Guest blog post by Lindsay Linning
To write is the only form of catharsis I can find. Because as a coping mechanism, often all I can do in the moment is mentally file away the harasser, the location, the feeling, into the annexes of my mind, to ferment nicely until the time comes when I take to my keyboard to document and immortalise the incident. It is my small victory, using the fury it invokes to fuel a creative pursuit like writing.
In doing the research for my dissertation on males’ perceptions of street harassment in the UK, I have read countless accounts, many atrocious in nature, of instances of street harassment that have escalated into something more sinister. Sexual assault, rape, physical violence, for example. These stories serve as proof of why we must never perceive street harassment as innocuous fun.
In my own life I have been at the receiving end of stalking, public masturbation, and violence. This handful of incidents punctuate my otherwise mundane personal history of harassment in public by men, and are typically the anecdotes I refer to when substantiating my arguments for why this phenomenon must be taken more seriously by certain individuals. They are the incidents which invoke a look of shock, disdain or disgust in the face of the listener, or are met with a degree of incredulity – ‘There’s no way in my beautiful city that this could happen!”
Sensational stories involving sex and violence have a cinematic quality, stimulating the voyeur within us. They are the incidents which have made the men I know sit up, take note, and imagine for a moment or longer what it is like to be a typical female, leading a typical life, in the world today. They are valuable.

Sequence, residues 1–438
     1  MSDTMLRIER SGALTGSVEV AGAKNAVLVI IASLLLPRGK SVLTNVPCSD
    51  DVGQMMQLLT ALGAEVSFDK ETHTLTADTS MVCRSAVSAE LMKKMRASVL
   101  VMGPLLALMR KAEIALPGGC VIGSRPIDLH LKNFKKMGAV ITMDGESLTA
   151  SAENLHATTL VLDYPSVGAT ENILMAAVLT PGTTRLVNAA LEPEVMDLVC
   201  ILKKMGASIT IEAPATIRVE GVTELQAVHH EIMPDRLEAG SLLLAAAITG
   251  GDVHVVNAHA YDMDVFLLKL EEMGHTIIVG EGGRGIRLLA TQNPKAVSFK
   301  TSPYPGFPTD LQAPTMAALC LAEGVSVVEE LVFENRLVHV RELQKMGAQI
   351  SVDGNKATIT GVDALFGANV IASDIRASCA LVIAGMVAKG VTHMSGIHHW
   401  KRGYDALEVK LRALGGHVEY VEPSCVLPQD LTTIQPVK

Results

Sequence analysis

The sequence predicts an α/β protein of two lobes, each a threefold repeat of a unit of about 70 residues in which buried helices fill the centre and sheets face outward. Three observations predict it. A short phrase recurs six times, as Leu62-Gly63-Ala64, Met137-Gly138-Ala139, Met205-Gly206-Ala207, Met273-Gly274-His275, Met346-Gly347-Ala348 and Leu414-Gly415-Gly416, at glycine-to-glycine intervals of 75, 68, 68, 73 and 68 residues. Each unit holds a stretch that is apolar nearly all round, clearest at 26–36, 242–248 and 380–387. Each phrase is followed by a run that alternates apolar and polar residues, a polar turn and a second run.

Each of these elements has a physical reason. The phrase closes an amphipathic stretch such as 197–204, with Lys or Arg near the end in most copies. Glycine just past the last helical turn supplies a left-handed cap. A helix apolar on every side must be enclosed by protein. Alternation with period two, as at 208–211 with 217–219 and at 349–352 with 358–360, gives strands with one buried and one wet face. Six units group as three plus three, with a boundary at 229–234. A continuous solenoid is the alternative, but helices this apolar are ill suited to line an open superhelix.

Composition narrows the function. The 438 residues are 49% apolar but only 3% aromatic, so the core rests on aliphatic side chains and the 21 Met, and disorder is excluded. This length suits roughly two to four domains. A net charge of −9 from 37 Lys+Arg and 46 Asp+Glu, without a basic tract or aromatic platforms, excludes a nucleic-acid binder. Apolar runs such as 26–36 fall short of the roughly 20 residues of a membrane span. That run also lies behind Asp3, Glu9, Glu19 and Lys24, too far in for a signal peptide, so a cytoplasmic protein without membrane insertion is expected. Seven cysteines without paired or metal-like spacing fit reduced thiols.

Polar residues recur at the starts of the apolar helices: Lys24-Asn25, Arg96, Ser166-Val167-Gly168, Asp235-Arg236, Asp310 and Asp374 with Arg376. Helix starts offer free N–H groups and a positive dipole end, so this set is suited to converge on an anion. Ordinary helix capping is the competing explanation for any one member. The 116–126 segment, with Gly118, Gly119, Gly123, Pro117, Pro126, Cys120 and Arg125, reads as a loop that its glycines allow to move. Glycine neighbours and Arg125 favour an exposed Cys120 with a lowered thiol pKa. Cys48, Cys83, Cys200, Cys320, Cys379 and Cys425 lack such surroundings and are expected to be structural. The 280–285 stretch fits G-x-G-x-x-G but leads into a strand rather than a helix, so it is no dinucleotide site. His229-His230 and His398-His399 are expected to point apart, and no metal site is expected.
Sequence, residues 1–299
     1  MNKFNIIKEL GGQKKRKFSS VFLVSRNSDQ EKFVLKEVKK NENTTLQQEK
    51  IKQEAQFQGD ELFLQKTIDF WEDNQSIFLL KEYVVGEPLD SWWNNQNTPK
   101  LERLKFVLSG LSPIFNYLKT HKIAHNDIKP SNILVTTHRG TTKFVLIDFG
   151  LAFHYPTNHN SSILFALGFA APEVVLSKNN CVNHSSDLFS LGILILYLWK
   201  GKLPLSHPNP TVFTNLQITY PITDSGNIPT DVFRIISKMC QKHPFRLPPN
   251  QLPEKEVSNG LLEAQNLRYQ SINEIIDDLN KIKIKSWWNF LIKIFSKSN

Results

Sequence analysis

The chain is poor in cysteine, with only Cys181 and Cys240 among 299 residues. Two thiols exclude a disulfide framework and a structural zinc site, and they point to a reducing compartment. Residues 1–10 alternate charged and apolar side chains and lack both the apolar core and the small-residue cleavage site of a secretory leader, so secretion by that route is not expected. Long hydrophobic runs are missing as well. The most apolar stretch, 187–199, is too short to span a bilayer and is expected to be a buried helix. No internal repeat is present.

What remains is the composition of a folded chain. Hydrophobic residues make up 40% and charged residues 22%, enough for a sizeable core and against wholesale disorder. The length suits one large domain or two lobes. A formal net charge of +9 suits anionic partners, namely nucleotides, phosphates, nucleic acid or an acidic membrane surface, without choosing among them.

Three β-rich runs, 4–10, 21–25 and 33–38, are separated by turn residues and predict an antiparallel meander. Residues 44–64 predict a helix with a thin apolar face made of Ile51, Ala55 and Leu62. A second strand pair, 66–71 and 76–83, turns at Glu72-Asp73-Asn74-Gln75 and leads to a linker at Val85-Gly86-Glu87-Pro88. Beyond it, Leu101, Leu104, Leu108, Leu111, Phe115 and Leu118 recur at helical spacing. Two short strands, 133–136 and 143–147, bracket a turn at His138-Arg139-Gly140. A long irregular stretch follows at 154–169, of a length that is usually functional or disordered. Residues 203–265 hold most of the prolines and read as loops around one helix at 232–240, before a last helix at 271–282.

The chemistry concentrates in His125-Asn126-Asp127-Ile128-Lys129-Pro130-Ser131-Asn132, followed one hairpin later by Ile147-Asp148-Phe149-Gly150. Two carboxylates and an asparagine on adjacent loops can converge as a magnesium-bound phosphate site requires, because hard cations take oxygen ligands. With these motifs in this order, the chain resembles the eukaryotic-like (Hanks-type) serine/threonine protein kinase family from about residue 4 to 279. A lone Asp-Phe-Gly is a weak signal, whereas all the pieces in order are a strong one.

But what about those more frequent, more mundane, innumerable microaggressions? The ones we label as ‘not that bad’ and forget and accept because that’s what the world has conditioned us to do as women and girls? These too are valuable. The risk we run is that daily experiences are invalidated, overwritten and pushed out of focus by the more extreme stories we have become accustomed to considering more worthy of our attention. There needs to be space to acknowledge the seemingly mundane alongside the major.
It has been this accumulation of daily micro-harassments across my life that has collectively instilled a building fury within me towards the lived reality we contend with on a daily basis as females, rather than the more shocking and obscene experiences I’ve had.
My problem lies with men in cars. The car affords men a certain power in instances of harassment. With a car, no sooner have you been intruded upon than the perpetrator has sped off, leaving you powerless on the pavement. You can’t retaliate, you have no agency, and are left to shake off the incident, awash with anger and/or fear.
Sometimes I wonder if vehicles allow men to behave more audaciously in public in a manner akin to how the internet enables online trolls to unleash a side to their personalities that would remain unseen were it not for the anonymity afforded to them by the internet. People can use the internet and vehicles as tools to provoke, intimidate and threaten without bearing any consequences: they never come face to face with their victim. It’s a highly unequal game of cowardice. This is reflected in how some feel entitled to glare, ogle, shout ,gesticulate and blast horns from their cars to an extent I have found does not happen face-to-face on the street. Harassers in cars have led me to feel physically assessed, menaced, taunted and panicked. There are different nuances every time. If these men did this walking down the street, there would be repercussions: I could retaliate, report them, or alert fellow passers-by. Safely cocooned within their cars, however, harassers feel a sense of liberty and their safe space enables them to strip others of their own sense of safety.
Efforts must be sustained to ensure microaggressions of street harassment are not overlooked or dismissed. Because they too have a cumulative effect on the victim and while they may not escalate into more pronounced forms of violence, they chip away at women, reminding us that we are not out in the world on an equal footing with the men around us. Until the harm of living in this day-to-day reality is acknowledged, I’ll keep writing.
Lindsay is an MSc student at the University of Edinburgh in Sociology and Global Change. She’s working with the Edinburgh branch of Hollaback! and is researching street harassment for her dissertation.Share on Facebook